Showing that a constraint is not convex

Is the following problem convex?

$$\begin{array}{ll} \text{minimize} & x+y^2\\ \text{subject to} & x + y \leq 2\\ & \frac{x+y^2}{x^2+2} \leq 3\\ & x^2 = 1\end{array}$$

The problem is, in fact, not convex, but I'm having problems showing that the constraint $$\frac{x+y^2}{x^2+2} \leq3$$ is not convex. Is there a way to do so without calculating the Hessian?

• Why not pick the 3rd constraint, which is clearly non-convex? – Rodrigo de Azevedo Apr 30 '18 at 10:30

$$\frac{x+y^2}{x^2+2}\le 3$$

$$y^2 \le 3x^2-x+6$$

Hence if $y$ is fixed, and $x$ is large enough in magnitude, then this construct will be satisfied.

Let $y=3$, then $(2,3)$ and $(-2,3)$ both satisfies the inequality, but $(0,3)$ doesn't.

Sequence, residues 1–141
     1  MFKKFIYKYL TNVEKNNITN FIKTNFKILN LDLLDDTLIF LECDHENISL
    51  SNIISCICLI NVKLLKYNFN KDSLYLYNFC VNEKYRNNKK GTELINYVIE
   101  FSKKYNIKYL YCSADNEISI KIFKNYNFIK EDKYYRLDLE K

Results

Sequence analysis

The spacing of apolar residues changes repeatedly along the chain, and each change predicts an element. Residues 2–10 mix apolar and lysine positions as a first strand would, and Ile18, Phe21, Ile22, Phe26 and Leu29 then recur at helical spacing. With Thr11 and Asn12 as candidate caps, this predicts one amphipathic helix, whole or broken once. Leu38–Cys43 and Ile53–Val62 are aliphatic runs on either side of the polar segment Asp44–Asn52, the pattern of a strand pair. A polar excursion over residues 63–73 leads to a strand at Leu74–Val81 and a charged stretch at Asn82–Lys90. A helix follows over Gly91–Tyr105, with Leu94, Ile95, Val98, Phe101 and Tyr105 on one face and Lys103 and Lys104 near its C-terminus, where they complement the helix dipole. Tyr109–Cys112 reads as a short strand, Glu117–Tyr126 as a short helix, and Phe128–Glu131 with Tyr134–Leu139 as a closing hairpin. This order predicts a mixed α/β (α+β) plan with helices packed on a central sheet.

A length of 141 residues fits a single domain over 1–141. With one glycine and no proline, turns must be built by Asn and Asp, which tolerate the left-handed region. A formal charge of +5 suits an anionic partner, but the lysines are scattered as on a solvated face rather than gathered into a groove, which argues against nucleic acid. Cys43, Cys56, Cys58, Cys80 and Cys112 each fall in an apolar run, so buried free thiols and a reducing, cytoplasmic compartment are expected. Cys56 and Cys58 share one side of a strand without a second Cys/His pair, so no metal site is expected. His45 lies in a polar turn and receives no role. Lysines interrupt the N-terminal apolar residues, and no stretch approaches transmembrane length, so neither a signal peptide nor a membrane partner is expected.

Remark:

For this question, we know that $x=1$ or $x=-1$.

If $x=1$, $y \le 1$ and $y^2 \le 8$, hence $-\sqrt{8} \le y \le 1.$

If $x=-1$, $y \le 3$ and $y^2 \le 10$, hence $-\sqrt{10} \le y \le 3.$

In particular $(1,0)$ and $(-1,0)$ are both feasible but $(0,0)$ is not feasible.

The curve $x+y^2 = 3 (x^2 + 2)$ is a hyperbola; $x+y^2 \ge 3 (x^2 + 2)$ is the region between the two branches, so is obviously not convex. More explicitly, for $y=-3$, your second constraint says $x \le (1-\sqrt{37})/6$ or $x \ge (1+\sqrt{37})/6$.